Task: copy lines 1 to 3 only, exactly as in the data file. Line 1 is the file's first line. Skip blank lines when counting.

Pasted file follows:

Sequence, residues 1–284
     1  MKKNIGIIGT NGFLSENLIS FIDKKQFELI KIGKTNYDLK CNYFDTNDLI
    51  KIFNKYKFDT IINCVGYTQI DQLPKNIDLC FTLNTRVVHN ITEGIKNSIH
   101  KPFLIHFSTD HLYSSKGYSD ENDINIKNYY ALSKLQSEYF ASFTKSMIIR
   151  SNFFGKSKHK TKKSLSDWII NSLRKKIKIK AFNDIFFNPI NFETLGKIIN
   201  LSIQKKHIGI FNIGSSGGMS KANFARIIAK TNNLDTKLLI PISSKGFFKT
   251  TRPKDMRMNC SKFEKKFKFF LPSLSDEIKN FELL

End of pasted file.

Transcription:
Sequence, residues 1–284
     1  MKKNIGIIGT NGFLSENLIS FIDKKQFELI KIGKTNYDLK CNYFDTNDLI
    51  KIFNKYKFDT IINCVGYTQI DQLPKNIDLC FTLNTRVVHN ITEGIKNSIH